Belfast Telegraph

Friday 1 August 2014

Revealed: A-Level league tables for Northern Ireland schools

.............Rank...School....................Town..........A-L...FSM...SEN..Type...PR...'11 Rank
.............Rank...School....................Town..........A-L...FSM...SEN..Type...PR...'11 Rank
Ulidia matches the needs of its students with the curriculum, according to its principal Eugene Martin
Ulidia matches the needs of its students with the curriculum, according to its principal Eugene Martin

A non-selective school has the highest success rate of any Northern Ireland post-primary school at A-Level, the Belfast Telegraph can reveal.

Key to table above: August 2012 A-Level results for every post-primary school in Northern Ireland based on annual examination results provided by the Department of Education. NI average is 64.8%. Based on the percentage of pupils achieving 3+ A’Levels at grades A* to C. * denotes a figure of less than five. A-L A-Level. FSM percentage of pupils entitled to free school meals. NI average is 18.5%. SEN percentage of pupils with special educational needs. NI average is 18.2%. G Grammar school NG Non-grammar school PR 2011 pass rate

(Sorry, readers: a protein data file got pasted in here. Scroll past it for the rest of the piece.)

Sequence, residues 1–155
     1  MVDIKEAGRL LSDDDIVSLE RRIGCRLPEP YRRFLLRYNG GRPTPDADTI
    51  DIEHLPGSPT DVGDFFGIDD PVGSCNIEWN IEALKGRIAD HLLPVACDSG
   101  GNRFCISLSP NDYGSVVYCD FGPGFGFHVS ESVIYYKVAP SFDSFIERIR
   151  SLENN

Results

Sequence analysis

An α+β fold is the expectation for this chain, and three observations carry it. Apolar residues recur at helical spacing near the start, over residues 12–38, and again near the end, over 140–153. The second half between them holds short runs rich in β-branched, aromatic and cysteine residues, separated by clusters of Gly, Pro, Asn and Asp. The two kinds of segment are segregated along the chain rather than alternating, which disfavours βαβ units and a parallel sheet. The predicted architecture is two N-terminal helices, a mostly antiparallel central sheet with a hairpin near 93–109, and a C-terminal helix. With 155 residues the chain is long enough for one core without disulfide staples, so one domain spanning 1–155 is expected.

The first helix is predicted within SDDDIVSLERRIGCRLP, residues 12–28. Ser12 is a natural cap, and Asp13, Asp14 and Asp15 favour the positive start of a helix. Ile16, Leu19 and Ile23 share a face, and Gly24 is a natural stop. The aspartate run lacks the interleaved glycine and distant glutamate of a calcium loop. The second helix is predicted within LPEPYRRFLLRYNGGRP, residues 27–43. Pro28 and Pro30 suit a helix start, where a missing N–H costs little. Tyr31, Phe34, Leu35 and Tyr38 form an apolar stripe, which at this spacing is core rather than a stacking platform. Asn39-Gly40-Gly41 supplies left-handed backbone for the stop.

Ulidia Integrated College in Carrickfergus saw 97.1% of its pupils secure three A-Levels at grades A* to C – beating every one of Northern Ireland's 68 grammar schools to claim pole position.

The next closest school was St Louis Grammar, Ballymena, which had a 94.3% pass rate.

It has improved more than 16 percentage points on last year and climbed 39 places in our league table.

Ulidia Integrated College principal Eugene Martin said: "I am delighted that our sixth form students have once again exceeded not just the college's high expectation and targets, but also those set out by the Department of Education for Northern Ireland.

"Being the top school in Northern Ireland at A-Level is a tremendous achievement for the staff and students of a relatively new, integrated college in Carrickfergus.